Photographs reproduced with permission from Toddy Hoare. Copyright: Toddy Hoare.

CfP: The end of the empires. Formation of the post-war order in Central and Eastern Europe in 1918-1923

The Historical Institute of the University of Wrocław and the Institute of National Remembrance in Wrocław are honoured to invite you to participate in an international conference titled The end of the empires. Formation of post-war order in Central and Eastern Europe in 1918-1923, to be held in Wrocław on 22-23 November 2018. The starting point for the discussion will be the 100th anniversary of the end of World War I and the restoration of Poland’s independence. The organizers also intent to focus on the state-forming processes of nations forged from the ruins of the Russian and Austro-Hungarian Empires in the context of shaping the eastern border of the Polish state.

World War I resulted in the final collapse of the “Viennese order”, which not only necessitated a search for other paths to consensus, but also created conditions for the new states that emerged on the foundations of the 19th-century processes involved in forming nations. The defeat of the occupying forces gave Poland the independence it longed for, but the “awakening” of nations that remained part of the First Republic led to a revision of existing relations and adoption of a full spectrum of attitudes ranging from cooperation and acceptance to conflict. Internal transformations in Russia and Germany, which became either enemy or an ally in the independence aspirations of the young republics, played a tremendous role. International conditions and the positions of Western states were also crucial.

During the sessions we propose focusing on the following issues:

1) in the face of a new order in Europe:
– Germany’s defeat, the collapse of the Russian Empire and the Austro-Hungarian Empire;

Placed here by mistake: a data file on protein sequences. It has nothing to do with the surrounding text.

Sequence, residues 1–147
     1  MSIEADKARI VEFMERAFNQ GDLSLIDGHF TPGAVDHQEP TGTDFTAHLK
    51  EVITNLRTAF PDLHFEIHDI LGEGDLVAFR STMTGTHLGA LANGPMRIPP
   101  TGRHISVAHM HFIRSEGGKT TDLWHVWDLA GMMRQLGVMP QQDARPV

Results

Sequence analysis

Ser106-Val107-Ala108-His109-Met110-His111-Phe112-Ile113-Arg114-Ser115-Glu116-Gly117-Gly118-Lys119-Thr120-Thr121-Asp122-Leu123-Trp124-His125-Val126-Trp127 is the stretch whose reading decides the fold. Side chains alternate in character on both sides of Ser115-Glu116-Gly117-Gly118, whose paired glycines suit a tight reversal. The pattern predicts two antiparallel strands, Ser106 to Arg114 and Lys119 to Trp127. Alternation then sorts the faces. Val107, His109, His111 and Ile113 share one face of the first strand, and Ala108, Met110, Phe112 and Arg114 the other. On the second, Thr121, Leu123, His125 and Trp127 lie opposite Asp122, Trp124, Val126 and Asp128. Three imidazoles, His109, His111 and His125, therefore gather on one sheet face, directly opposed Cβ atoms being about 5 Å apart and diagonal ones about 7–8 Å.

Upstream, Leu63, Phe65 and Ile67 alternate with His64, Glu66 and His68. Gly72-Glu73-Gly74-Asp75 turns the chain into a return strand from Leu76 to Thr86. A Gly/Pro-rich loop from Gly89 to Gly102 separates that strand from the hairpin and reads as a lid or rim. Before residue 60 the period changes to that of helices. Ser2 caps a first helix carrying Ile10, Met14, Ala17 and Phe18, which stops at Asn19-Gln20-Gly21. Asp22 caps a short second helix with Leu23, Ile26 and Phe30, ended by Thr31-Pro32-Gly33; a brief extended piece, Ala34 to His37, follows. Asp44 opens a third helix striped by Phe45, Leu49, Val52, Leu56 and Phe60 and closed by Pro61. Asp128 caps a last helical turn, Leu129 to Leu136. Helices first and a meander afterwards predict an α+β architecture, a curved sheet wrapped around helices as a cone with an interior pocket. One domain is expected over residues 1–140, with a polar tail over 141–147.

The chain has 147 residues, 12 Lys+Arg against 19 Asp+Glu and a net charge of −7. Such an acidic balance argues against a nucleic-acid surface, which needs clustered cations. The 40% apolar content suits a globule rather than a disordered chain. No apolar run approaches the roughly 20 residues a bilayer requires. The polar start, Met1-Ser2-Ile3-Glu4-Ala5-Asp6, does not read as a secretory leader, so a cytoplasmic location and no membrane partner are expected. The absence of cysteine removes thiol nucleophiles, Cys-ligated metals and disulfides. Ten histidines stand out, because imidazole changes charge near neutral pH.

– “fighting for independence”; the process of building new state structures against the backdrop of the international situation;
– the impact of international law on transformations in Central and Eastern Europe: (the Treaty of Brest-Litovsk, Wilson’s Fourteen Points, the Treaty of Versailles, the Treaty of Riga, meetings of the Council of Ambassadors);

2) new states and their internal problems:
– political aspects (conflicts resulting from different concepts and modes of action, building a state apparatus);
– military aspects (fighting for state borders, supplying armies, military cooperation);
– economic aspects ((re)construction of the economic basis for the functioning of the state);
– social aspects (attitudes of the population, the issue of national identity, everyday life);

3) implementation of independence aspirations and relations between states:
– political aspirations and conceptions for shaping the borders of the state and relations with new neighbors;
– the attitudes of Russia and Germany towards the changes taking place on the map of the Eastern Europe;
– cooperation between nations in the struggle for their own state and regional security.

The issues listed above are intended to suggest the main directions of discussion and provide inspiration to attendees, but other proposals related to the central theme of the conference are also welcome.

Further information: https://endofempires19181923.wordpress.com/

There is no conference fee, and conference materials, meals (lunches, coffee breaks, official dinner), and accommodations will be provided. In addition, travel costs will be co-financed for lecturers from abroad.

Your proposal (in English, Ukrainian, Polish or Russian) should be submitted by 15 April 2018 via the registration form below: https://docs.google.com/forms/d/e/1FAIpQLSeKutrxYvhBzGXFP9k-GyX3dTGtqCtOUM1DdqRttoCUyI-3QA/viewform?usp=sf_link

We reserve the right to reject an application.

Academic Advisory Board:
Prof. Piotr Cichoracki, University of Wrocław, Poland
Prof. Stanisław Ciesielski, University of Wrocław, Poland
Prof. Krzysztof Kawalec, Institute of National Remembrance, Poland
Prof. Leonid Zaszkilniak, Ivan Franko National University of Lviv, Ukraine